Semiconductor materials have traditionally been totally inorganic, composed mostly of the lighter P-block elements. More recently, organic semiconductors have become an important field of study and development.

    Thermal properties of Semiconductors

    At absolute zero, all of the charge carriers reside in lower of the bands below the small band gap in a semiconductor (that is, in the valence band of the illustration on the left above, or in the impurity band of the one on the right.) At higher temperatures, thermal excitation of the electrons allows an increasing fraction jump across this band gap and populate either the empty impurity band or the conduction band as shown at the right. The effect is the same in either case; the semiconductor becomes more conductive as the temperature is raised. Note that this is just the opposite to the way temperature affects the conductivity of metals.

    thermal excitation into semiconductor conduction band
    Figure \(\PageIndex{4}\): Thermal excitation into semiconductor conduction band

    N- and P-type materials

    N and P type materials
    Figure \(\PageIndex{5}\): N and P type materials

    For example, a phosphorus atom introduced as an impurity into a silicon lattice possesses one more valence electron than Si. This electron is delocalized within the impurity band and serves as the charge carrier in what is known as an N-type semiconductor. In a semiconductor of the P-type, the dopant might be arsenic, which has only three valence electrons. This creates what amounts to an electron deficiency or hole in the electron fabric of the crystal, although the solid remains electrically neutral overall. As this vacancy is filled by the electrons from silicon atoms the vacancy hops to another location, so the charge carrier is effectively a positively charged hole, hence the P-type designation.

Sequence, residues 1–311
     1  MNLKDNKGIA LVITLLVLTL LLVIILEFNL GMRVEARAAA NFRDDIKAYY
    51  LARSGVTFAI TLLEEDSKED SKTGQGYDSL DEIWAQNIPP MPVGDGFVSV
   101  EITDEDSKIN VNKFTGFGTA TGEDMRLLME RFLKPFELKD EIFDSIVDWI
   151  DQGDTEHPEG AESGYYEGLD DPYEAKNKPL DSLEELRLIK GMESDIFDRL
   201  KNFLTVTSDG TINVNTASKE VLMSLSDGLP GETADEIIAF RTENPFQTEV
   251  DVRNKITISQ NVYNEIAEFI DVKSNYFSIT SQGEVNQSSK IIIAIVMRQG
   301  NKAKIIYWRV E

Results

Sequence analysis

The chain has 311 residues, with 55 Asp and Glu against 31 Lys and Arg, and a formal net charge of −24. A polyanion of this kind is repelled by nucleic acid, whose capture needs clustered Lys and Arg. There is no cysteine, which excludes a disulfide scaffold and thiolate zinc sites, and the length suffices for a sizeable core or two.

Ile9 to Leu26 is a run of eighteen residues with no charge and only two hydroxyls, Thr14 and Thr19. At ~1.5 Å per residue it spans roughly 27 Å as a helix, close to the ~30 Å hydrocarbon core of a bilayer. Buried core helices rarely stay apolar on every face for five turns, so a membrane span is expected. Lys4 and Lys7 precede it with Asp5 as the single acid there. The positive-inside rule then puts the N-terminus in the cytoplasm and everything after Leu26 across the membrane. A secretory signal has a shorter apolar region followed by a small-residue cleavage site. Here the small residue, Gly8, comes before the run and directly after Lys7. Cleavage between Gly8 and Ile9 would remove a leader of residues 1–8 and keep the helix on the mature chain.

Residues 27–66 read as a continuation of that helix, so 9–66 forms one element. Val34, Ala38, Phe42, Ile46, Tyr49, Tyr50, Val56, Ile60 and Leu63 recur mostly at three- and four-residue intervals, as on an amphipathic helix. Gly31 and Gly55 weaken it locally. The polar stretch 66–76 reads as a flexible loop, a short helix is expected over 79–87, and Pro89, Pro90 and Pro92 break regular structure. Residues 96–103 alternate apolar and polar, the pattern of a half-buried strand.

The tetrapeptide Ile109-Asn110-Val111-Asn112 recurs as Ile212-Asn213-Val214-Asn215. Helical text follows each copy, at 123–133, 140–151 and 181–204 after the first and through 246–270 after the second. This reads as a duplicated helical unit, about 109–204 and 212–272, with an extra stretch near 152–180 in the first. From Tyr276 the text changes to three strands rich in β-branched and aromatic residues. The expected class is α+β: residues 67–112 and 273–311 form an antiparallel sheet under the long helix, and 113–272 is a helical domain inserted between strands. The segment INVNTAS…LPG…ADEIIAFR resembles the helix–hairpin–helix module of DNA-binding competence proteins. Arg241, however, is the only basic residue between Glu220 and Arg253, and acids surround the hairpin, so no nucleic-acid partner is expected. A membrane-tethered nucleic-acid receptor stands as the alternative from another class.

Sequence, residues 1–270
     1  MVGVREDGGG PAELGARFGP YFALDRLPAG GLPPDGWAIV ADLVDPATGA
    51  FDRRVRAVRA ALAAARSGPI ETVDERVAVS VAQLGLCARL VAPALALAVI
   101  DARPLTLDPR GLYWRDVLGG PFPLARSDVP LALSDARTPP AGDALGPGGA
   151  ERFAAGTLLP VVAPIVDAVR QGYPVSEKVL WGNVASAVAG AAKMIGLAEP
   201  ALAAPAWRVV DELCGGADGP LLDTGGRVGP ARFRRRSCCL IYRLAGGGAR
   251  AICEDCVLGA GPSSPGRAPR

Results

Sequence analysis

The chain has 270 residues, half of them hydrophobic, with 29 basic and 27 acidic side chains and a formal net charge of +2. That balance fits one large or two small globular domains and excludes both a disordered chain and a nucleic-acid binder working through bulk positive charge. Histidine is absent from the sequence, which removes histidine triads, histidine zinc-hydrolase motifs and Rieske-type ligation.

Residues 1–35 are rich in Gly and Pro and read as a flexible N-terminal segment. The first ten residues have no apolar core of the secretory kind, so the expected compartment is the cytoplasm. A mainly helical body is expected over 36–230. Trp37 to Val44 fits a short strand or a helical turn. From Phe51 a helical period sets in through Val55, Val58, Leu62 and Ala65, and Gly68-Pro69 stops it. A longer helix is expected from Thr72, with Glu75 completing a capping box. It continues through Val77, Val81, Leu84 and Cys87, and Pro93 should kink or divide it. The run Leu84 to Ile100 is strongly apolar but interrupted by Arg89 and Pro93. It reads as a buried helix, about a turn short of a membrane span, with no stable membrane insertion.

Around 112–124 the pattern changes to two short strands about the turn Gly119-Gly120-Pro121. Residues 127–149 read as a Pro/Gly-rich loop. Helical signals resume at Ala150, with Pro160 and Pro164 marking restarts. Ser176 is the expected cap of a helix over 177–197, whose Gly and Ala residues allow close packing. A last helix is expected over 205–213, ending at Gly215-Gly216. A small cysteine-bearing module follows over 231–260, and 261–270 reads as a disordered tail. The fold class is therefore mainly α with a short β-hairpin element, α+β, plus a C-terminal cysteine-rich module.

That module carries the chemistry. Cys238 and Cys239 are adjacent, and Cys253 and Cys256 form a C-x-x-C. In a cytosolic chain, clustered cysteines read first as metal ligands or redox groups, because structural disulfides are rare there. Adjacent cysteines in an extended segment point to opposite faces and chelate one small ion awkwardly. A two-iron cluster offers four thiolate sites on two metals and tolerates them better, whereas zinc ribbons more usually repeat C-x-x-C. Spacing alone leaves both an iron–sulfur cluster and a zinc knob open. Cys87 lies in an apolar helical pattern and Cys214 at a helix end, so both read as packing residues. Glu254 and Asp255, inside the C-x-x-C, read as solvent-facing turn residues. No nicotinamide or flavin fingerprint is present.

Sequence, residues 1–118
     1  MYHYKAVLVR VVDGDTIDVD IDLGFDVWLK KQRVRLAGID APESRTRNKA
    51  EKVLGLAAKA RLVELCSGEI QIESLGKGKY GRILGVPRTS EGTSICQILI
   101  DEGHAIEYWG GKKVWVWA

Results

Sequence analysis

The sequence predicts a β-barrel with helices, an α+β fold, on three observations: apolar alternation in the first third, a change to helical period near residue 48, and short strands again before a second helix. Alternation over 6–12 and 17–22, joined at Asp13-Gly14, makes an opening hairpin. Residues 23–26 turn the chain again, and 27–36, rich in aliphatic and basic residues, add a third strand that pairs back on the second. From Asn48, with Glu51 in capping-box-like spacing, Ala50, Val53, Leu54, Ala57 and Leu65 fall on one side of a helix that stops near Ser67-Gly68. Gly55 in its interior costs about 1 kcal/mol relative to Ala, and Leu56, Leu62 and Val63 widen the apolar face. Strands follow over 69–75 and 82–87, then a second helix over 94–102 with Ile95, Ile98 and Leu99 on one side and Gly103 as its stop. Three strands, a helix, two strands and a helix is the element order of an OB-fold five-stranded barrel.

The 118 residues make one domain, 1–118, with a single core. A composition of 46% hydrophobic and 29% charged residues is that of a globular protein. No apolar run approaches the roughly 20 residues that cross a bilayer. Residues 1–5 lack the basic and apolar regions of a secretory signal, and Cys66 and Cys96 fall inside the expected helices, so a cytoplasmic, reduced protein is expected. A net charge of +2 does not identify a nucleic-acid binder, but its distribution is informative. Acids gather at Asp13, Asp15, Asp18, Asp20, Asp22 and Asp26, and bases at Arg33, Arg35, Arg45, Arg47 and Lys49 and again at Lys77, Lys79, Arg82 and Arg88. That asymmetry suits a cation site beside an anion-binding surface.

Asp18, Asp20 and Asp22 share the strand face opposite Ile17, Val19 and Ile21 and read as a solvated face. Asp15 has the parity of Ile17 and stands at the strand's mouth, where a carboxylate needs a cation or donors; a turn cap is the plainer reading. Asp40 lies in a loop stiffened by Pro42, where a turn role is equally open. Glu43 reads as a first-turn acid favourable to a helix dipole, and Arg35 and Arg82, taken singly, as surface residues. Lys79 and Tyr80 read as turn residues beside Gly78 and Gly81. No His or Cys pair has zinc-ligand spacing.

Figure \(\PageIndex{6}\): Structure of As (magenta) doped into crystalline Si (yellow.)

    Substitution of just one dopant atom into 107 atoms of Si can increase the conductivity by a factor of 100,000.

    The PN junction

    When P- and N-type materials are brought into contact, creating a PN junction. Holes in the P material and electrons in the N material drift toward and neutralize each other, creating a depletion region that is devoid of charge carriers. But the destruction of these carriers leaves immobile positive ions in the N material and negative ions in the P material, giving rise to an interfacial potential difference ("space charge") as depicted here.

    PN junction and depletion region
    Figure \(\PageIndex{7}\): PN junction and depletion region

    As this charge builds up, it acts to resist the further diffusion of electrons and holes, leaving a carrier-free depletion region, which acts as a barrier at the junction interface.